Photo Credit: courtesy, Sivan Rahav Meir
Sivan Rahav Meir

This week I went to the Kotel and saw masses of people who had come to pray together after a year of limited Kotel access due to the coronavirus. Suddenly I had this thought:

More than 800,000 Israelis who were stricken by the corona have now recovered. Don’t they need to recite the HaGomel prayer of thanks for surviving a life-threatening illness? Why not organize a mass thanksgiving prayer at the Kotel for all those who recovered?

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And perhaps it would even be worthwhile to broadcast it internationally for everyone everywhere who recovered, especially those who are longing to be in Israel but cannot get here.

I suggested this idea to The Western Wall Heritage Foundation and, apparently, it will soon be implemented.

The idea of expressing gratitude following a crisis appears in this week’s parshah, which speaks about the thanksgiving sacrifice. This sacrifice is given by someone who returns from a long journey, is freed from prison, or recovers from a serious illness. Today, the HaGomel prayer is a substitute for the thanksgiving sacrifice brought when the Holy Temple stood.

The intent of the prayer is to teach us to give thanks for surviving potentially life-threatening situations. If more than three million people on earth died from the coronavirus and you recovered, say “thank you.”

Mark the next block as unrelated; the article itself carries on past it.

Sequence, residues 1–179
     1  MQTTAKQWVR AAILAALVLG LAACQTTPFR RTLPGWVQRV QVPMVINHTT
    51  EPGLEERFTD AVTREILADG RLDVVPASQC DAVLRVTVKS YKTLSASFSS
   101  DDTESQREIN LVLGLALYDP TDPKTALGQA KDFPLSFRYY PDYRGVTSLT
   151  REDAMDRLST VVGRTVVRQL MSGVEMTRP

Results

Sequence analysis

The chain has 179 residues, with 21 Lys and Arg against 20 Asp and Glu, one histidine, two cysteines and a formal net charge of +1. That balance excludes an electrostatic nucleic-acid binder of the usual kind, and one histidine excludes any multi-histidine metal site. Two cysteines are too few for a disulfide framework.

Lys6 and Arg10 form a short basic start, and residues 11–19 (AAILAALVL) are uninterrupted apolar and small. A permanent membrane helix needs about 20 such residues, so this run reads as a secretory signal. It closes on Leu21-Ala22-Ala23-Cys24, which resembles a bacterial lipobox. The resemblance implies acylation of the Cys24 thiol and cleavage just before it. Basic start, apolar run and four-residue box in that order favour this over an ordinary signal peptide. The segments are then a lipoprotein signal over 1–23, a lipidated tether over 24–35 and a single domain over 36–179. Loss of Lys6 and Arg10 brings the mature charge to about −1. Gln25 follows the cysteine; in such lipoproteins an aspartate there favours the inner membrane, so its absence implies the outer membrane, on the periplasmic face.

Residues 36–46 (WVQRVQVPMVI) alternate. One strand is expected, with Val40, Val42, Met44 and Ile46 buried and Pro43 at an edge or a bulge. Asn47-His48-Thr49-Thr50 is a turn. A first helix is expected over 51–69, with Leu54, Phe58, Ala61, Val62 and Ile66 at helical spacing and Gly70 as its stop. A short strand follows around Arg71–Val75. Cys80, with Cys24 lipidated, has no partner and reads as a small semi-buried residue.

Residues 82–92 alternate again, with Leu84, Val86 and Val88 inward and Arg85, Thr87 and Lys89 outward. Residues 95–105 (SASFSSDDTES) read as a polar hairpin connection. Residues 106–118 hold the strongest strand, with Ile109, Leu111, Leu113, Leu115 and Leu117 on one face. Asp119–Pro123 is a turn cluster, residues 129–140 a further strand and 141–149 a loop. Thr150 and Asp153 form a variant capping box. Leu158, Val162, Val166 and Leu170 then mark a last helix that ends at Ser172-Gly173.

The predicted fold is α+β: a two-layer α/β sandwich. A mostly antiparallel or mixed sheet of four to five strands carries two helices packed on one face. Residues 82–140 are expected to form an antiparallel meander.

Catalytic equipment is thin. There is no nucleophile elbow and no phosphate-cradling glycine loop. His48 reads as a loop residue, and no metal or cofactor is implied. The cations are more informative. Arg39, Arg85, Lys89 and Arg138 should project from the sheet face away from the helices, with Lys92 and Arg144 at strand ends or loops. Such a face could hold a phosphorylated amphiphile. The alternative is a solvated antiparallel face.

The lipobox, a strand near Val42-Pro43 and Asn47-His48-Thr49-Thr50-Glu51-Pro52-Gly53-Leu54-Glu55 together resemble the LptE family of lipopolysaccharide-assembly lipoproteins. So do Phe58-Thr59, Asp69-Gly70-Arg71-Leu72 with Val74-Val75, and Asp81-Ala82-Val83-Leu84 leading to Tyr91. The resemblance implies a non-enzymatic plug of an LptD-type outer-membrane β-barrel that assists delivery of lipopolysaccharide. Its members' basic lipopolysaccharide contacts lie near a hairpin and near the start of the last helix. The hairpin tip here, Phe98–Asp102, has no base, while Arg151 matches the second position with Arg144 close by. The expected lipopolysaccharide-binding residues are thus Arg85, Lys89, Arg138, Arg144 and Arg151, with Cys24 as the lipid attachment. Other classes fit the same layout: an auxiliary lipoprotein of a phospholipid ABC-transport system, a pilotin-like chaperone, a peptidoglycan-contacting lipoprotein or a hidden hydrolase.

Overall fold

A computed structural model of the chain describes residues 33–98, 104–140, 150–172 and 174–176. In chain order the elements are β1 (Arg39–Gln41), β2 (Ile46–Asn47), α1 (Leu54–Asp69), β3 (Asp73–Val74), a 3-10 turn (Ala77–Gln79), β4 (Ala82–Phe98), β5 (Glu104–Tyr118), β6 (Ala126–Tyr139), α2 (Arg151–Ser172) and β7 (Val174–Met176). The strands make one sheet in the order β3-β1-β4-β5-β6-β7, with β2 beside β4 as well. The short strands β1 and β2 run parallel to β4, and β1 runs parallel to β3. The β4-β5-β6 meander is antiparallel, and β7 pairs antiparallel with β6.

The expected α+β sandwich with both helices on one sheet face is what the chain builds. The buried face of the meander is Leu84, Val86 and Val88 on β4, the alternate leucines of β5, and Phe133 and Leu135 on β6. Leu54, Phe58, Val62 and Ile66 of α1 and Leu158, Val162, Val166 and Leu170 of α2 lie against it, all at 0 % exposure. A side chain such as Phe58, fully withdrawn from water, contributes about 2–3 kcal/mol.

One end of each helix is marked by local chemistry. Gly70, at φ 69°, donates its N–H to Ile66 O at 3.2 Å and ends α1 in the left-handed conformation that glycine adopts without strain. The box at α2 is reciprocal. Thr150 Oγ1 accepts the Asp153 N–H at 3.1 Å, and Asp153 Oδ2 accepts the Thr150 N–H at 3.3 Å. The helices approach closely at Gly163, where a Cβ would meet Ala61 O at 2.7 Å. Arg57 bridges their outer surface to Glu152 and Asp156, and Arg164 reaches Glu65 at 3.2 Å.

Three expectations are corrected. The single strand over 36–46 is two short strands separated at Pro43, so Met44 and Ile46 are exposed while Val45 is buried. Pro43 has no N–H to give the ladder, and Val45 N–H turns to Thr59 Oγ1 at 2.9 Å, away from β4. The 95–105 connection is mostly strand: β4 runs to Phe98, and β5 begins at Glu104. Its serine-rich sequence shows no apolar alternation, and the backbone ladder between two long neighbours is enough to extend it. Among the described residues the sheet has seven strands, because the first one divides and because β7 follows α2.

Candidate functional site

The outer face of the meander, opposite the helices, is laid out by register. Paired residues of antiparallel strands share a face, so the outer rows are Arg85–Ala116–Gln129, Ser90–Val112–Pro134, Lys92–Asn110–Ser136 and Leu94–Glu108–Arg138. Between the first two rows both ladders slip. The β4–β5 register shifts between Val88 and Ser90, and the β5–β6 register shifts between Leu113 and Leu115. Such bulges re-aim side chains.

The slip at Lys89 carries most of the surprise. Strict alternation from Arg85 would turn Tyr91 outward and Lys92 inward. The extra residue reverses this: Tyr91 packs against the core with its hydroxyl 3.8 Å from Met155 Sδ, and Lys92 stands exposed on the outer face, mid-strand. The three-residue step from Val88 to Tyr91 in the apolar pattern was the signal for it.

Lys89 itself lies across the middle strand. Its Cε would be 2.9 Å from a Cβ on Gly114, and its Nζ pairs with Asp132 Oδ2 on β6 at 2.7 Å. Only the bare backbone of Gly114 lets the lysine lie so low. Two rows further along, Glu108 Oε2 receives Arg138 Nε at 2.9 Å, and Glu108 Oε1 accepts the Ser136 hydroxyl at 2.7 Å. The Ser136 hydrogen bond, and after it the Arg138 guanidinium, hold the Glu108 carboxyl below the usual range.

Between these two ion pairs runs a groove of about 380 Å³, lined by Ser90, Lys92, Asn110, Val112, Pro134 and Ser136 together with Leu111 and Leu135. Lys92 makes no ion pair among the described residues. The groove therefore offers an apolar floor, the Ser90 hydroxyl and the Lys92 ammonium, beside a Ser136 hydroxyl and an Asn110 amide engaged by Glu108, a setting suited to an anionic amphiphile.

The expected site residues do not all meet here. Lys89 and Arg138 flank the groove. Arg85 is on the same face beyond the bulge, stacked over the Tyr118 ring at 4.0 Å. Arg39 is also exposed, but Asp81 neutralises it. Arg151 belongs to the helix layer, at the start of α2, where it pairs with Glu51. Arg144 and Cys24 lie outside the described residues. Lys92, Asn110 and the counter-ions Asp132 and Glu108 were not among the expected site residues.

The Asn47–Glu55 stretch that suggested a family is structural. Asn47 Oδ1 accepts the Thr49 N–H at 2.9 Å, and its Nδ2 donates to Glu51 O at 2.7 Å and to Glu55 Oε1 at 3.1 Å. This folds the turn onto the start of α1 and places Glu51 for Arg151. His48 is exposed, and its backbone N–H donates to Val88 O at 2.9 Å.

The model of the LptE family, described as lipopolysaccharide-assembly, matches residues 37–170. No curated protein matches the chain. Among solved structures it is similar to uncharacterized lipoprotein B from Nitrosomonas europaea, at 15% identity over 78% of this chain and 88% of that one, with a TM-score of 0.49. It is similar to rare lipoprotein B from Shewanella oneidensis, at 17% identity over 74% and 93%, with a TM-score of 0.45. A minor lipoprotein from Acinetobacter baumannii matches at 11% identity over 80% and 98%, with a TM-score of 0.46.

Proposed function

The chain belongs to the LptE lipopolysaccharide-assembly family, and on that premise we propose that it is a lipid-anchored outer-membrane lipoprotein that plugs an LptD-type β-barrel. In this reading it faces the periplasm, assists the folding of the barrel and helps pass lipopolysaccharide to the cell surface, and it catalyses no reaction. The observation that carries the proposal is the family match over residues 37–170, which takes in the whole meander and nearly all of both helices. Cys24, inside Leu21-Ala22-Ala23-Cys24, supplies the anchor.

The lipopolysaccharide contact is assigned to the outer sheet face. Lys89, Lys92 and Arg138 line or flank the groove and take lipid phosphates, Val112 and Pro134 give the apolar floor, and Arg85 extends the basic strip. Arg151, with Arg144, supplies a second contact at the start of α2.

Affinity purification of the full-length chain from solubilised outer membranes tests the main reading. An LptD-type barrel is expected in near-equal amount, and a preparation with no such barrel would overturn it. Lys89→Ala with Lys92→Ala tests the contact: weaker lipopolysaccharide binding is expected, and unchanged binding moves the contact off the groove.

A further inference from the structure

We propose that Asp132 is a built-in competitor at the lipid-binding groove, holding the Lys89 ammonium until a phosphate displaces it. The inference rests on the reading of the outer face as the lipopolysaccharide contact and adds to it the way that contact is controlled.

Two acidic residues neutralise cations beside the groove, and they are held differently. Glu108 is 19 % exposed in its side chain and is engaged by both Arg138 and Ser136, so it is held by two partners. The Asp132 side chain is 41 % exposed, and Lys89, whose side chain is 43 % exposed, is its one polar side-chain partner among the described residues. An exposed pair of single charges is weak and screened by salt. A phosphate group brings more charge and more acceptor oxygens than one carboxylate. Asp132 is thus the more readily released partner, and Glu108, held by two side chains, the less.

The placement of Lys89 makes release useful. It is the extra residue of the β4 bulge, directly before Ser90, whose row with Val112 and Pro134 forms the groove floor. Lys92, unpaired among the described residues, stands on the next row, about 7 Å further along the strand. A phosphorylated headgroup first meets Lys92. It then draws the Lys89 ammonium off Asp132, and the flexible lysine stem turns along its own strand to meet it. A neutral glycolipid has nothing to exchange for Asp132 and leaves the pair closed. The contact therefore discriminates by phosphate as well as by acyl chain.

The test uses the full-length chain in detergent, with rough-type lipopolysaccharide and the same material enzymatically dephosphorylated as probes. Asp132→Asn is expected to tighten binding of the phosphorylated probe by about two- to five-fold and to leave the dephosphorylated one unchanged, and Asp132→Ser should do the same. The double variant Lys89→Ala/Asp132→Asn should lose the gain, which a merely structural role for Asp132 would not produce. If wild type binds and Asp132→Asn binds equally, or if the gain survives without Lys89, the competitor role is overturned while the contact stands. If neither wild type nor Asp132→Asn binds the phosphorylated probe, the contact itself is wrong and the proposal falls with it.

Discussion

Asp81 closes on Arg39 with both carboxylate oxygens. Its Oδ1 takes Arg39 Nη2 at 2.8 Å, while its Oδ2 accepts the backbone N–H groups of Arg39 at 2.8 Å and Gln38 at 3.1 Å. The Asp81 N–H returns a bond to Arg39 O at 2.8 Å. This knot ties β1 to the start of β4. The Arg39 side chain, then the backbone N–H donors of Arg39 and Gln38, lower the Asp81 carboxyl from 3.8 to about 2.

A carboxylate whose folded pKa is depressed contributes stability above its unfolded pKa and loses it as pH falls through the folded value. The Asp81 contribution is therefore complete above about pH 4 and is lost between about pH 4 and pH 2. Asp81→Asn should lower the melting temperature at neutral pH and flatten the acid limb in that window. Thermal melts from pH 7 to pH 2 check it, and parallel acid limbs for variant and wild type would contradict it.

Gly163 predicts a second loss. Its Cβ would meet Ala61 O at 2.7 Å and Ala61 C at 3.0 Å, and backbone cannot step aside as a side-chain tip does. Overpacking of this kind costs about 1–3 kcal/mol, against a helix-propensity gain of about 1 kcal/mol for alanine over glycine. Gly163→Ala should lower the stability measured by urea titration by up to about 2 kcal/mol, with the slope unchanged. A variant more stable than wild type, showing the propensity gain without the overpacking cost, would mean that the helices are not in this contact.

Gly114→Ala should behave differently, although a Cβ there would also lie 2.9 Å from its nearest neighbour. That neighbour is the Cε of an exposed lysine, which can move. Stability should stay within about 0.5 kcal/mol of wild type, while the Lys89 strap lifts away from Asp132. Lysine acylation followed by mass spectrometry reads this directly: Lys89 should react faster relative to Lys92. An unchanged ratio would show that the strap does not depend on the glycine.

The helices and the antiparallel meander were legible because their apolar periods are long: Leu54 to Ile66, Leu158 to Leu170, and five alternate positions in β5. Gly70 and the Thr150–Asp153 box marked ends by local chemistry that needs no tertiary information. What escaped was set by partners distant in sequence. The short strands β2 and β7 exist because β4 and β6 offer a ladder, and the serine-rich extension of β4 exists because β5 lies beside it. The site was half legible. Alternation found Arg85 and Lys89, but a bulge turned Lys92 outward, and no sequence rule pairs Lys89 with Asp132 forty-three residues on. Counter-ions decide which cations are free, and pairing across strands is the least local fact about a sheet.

If you heard the news about what’s happening in India (a new corona wave led to 350,000 new cases on Monday along with 2,800 deaths), even while you can freely walk into a coffee shop in Israel, say “thank you.”

This is what Rabbi Nachman of Breslav wrote about giving thanks:

“Today, when there is no thanksgiving sacrifice, a person needs to verbally thank God with all his heart, with great joy and fervor. In the future [when the Holy Temple is rebuilt], all of the sacrifices will be abolished since they are meant to atone for sins – except for the thanksgiving sacrifice which will remain.

This will be a sign that everything has been transformed into goodness and a reminder that although each person suffered what he suffered, all past sadness and sighing have now been turned into gladness and joy.

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Sivan Rahav-Meir, a ba’alas teshuvah, is one of the most popular media personalities in Israel. She is a Channel 2 News anchor, a columnist for Yediot Aharonot, and the host of a weekly radio show on Galei Tzahal. Every day she shares short Torah thoughts to over 100,000 Israelis – both observant and not – via Facebook, Twitter, and WhatsApp.
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